Margaret Thatcher’s PR Legacy

 Margaret Thatchers PR Legacy

THE PR VERDICT: “A” (PR Perfect) for Lord Bell and Margaret Thatcher for consistent PR packaging that made a political icon.

The passing of Margaret Thatcher was announced yesterday by none other than her trusty PR adviser Lord Timothy Bell, the man who packaged Thatcher for an electoral win. It was a fitting end to an astonishing PR trajectory – the PR man who transformed the grocer’s daughter into a global figurehead ended up publicly drawing the curtain on the former Prime Minister’s final act, and possibly his greatest PR achievement.

To realize quite how successful Lord Bell has been in creating a myth and icon, one only need look at the media coverage announcing Thatcher’s death. Blanketing most news outlets on both sides of the Atlantic, the consensus on both political sides was that Thatcher had genuinely transformed economic policy and foreign policy with her relentless prescription for free markets and hostility to the Soviet Union.

Bell’s PR packaging served Thatcher’s messages well. Yesterday’s coverage made endless references to the deepened voice loaded with gravitas, as prescribed by her PR team, while her signature handbag portrayed an impatient common sense. Though her politics are what made her famous, her clever photo ops and bon mots made sure that even those who weren’t fans felt compelled to listen, watch, and acknowledge her achievements.

THE PR VERDICT: “A” (PR Perfect) for Lord Bell and Margaret Thatcher for consistent PR packaging that made a political icon.

THE PR TAKEAWAY: Consistency trumps inventiveness. Thatcher’s genius was to begin working with a PR team at the outset of her political launch (as portrayed in the film The Iron Lady) that took every opportunity to demonstrate qualities that she later traded on. From her famous “This lady is not for turning” speech to her impeccably groomed persona, her packaging over the years rarely strayed or experimented with doubt or ideological uncertainty. Bell found for Thatcher a PR formula that, once firmly established, simply improved with age.

The PRV Report Card: This Week’s Winners and Losers

 The PRV Report Card: This Weeks Winners and LosersPR WINNER OF THE WEEK: “A” (PR PERFECT) to Margaret Thatcher whose shadow continues to loom large. The Iron Lady was cited recently as a role model by the leaders of Japan and South Korea. While Thatcher might give both leaders a low grade for their economic policies, her renowned determination is giving her PR image a second renaissance. Japan’s leader Shinzo Abe told local media he was moved to tears twice in the biopic The Iron Lady, and in South Korea, Prime Minister Jung Hong-won has said that “Thatcherism” will “revive the nation from crisis.” While Thatcher may have been unloved by many at the time of her reign, anyone wanting PR associated with strong leadership need look no further than Maggie from some thirty years ago.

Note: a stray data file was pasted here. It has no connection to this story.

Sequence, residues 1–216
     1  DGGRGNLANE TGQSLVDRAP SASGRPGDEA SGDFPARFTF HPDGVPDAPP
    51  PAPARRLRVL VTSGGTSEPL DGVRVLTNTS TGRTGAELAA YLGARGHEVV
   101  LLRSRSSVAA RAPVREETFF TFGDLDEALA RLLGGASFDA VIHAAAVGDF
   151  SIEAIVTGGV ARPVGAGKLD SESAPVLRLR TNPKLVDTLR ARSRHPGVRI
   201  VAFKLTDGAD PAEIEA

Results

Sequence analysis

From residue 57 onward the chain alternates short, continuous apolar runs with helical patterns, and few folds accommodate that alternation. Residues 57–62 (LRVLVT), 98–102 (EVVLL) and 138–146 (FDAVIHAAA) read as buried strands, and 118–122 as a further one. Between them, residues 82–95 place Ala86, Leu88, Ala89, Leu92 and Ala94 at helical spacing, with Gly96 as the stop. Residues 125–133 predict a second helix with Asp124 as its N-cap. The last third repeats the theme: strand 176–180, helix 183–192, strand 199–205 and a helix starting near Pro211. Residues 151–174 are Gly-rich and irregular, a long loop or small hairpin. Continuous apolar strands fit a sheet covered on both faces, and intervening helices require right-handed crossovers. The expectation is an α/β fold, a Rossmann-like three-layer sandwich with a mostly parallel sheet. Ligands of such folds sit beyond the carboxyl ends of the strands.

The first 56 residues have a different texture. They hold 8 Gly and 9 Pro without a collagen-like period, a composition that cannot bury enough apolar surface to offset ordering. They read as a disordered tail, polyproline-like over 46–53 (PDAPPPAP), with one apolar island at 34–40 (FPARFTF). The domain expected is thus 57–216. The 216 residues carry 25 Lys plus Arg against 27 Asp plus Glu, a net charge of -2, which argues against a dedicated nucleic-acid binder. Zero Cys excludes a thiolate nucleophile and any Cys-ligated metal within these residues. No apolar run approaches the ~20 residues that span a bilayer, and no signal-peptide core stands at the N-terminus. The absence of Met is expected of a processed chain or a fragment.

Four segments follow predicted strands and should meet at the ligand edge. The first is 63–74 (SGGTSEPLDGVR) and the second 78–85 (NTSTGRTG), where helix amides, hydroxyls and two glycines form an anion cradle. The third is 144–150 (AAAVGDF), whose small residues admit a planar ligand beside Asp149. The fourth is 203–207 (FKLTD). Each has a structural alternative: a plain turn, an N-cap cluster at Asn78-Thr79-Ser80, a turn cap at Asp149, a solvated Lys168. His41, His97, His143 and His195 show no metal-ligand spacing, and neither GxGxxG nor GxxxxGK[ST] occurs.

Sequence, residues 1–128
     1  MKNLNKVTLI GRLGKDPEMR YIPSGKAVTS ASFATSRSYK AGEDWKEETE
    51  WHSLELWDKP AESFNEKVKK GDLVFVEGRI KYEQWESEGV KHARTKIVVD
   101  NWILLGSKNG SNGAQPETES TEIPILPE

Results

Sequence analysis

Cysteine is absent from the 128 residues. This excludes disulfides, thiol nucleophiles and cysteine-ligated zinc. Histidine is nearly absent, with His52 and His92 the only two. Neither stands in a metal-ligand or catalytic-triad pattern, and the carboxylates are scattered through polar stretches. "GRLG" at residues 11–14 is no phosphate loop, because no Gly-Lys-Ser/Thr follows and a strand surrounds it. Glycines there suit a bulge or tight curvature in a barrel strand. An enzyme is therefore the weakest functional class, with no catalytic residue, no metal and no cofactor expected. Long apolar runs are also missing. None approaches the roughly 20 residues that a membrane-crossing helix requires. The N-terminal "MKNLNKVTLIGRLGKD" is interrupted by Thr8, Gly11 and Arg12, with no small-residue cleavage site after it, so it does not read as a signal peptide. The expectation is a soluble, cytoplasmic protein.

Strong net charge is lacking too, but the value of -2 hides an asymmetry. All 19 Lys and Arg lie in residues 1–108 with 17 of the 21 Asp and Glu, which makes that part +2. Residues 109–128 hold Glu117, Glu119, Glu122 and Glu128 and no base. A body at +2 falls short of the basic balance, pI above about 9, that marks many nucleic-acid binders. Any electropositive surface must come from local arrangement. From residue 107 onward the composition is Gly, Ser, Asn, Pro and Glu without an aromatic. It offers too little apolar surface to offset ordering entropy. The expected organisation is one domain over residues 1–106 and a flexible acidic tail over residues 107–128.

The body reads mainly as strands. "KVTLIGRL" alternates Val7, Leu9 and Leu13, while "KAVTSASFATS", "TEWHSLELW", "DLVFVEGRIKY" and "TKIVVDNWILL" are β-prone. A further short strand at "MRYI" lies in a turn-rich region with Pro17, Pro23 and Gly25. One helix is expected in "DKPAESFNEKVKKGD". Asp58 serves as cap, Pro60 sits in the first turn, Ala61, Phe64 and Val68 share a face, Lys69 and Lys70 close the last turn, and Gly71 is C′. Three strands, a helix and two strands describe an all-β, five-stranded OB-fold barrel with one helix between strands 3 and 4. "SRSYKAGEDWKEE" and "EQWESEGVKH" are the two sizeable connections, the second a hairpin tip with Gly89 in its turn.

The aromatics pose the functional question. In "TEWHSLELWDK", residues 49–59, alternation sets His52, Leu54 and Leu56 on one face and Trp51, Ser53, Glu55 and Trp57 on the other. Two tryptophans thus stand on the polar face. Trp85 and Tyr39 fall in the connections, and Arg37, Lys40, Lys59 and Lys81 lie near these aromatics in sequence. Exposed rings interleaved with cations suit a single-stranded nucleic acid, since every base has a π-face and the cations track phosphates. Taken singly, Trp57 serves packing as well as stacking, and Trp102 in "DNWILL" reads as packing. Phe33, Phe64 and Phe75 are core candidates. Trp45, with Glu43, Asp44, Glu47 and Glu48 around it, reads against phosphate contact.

The PRV Report Card: This Weeks Winners and LosersPR LOSER OF THE WEEK: “F” (FULL FIASCO) to Rutgers University for the delay in firing Mike Rice, its head basketball coach. Rice was sacked this week after videos surfaced showing him shoving, kicking, and screaming anti-gay slurs at players during practice last winter. Unfortunately,  top brass at the New Jersey university knew about the behavior in November but elected to “rehabilitate” him with a fine and three-game suspension. A poor decision on every level, particularly so given that Rutgers became a poster child for bullying-related tragedy in 2010, when a student committed suicide after his roommate filmed him with another man and mocked him on Twitter. What was university leadership thinking?

 The PRV Report Card: This Weeks Winners and LosersTHE PRV “THERE’S NO ‘THERE’ THERE” AWARD TO North Korea’s threats. At least, that’s the message coming from the US Defense Department, even as Kim Jong Un et al have announced that North Korea’s nuclear missiles are now aimed at US targets. The threats have been called rhetoric, though US officials have deployed stealth aircraft and assured the public that the threats are being taken seriously. Perhaps they’re not serious enough to warrant the “My fellow Americans” speech from the president just yet, but many must be wondering just how far these threats will go.